The human body is incredibly complex. When you move, it requires the co-ordination and contraction of many different parts of the body with nothing working in isolation. Muscles, ligaments, tendons and fascia work in unison together to generate efficient and effective body movement. As physiotherapists, we assess holistically when examining what factors can be contributing to an injury. For example, the action of throwing a tennis ball not only utilises the upper limb and shoulder, but also relies on good core strength and co-ordination with your lower body. Our physiotherapist Vernon Mittal investigates what we commonly refer to as “anatomical slings” or “myofascial slings” and how this contributes to safe and effective movement. These slings are comprised of both superficial and deep muscles.
What are muscle slings?
Your muscle or myofascial slings consist of different types of soft tissue including muscles, fascia and ligaments that are interconnected to one another to provide stability and mobility. These structures work together when muscles contract to produce movement of the body. The body consists of 4 main slings which when working effectively help us move better, produce more force and create more speed and power. Essentially, these slings help transfer force between our upper and lower limb whilst providing a stable core.
We know that when there is a weak component in a sling, it can create dysfunction resulting in reduce performance and increased likelihood of injury. Equally important, injury to a component of the sling can result in dysfunction if not effectively rehabilitated.
What are the types of muscle slings?
There are 4 types of swings:
Posterior Oblique Sling (POS):
– Consists of Latissimus Dorsi, opposite Gluteus Maximus and the Thoracolumbar fascia (TLF)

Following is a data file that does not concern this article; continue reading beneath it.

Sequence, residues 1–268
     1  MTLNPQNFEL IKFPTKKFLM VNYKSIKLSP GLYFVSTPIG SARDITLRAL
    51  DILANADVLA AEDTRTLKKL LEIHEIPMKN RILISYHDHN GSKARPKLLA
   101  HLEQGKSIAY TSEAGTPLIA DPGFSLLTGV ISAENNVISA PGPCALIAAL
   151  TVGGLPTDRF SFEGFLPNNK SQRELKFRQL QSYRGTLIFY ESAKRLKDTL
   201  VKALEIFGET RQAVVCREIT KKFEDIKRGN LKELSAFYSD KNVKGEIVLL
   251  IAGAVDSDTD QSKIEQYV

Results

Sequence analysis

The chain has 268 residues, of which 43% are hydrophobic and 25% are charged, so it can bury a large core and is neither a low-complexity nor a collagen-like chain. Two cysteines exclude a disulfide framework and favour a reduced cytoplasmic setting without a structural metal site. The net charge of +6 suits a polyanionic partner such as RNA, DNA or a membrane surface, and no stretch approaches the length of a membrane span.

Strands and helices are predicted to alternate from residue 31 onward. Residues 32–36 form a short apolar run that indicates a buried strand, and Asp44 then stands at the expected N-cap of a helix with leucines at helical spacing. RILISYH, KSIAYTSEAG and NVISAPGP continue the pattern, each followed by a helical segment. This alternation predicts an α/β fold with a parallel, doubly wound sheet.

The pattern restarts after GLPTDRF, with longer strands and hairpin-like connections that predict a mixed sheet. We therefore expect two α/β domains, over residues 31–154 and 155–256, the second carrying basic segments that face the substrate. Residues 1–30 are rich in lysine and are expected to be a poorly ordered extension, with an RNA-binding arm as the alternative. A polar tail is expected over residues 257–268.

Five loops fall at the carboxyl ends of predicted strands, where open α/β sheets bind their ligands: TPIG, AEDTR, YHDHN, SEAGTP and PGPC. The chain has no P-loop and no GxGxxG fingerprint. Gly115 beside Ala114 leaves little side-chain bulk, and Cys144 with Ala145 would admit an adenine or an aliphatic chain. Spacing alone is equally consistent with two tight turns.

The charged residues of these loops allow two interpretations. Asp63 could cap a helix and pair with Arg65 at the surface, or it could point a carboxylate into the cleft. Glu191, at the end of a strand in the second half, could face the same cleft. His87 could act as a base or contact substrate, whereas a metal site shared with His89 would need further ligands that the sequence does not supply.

– Connects from glute to opposite shoulder.
– Weakness in hip muscles can cause pain into opposite shoulder during activity.
– Important for throwing when foot is planted and arm “cocked” back.
Anterior Oblique Sling (AOS):
– Consists of external and internal oblique and opposite adductor muscles.
– Connects from obliques to the groin.
– Lack of trunk rotation with activity can overload the opposite groin causing injury; vice versa.
– Important for throwing prior to when the ball is released.
Deep Longitudinal Sling (DLS):
– Consists of erector spinae, multifidus, TLF, sacrotuberous ligament and biceps femoris
– Connects entire spinal muscles, SIJ ligament and hamstring
– Keeps the SIJ in a close packed position.
– Commonly affected in those with regular hamstring strains and low back pain.
Lateral Sling (LS):
– Consists of gluteus medius, gluteus minimus, tenso fascia latae and illitibial band
– Connects from lateral hip muscles to the lateral knee
– Common conditions that affect this sling include ITB syndrome, runners knee
– Common sign of weakness in this sling include Trendelenburg gait which is common in those with hip osteoarthritis or post-operative total hip replacements.
Your physiotherapist will assess your injury in the context of how it may affect your myofascial sling. It is crucial to ensure that these slings are working optimally to prevent future or recurrent injuries. If you have been experiencing recurrent soft tissue injuries, book an appointment with our team by calling or booking online.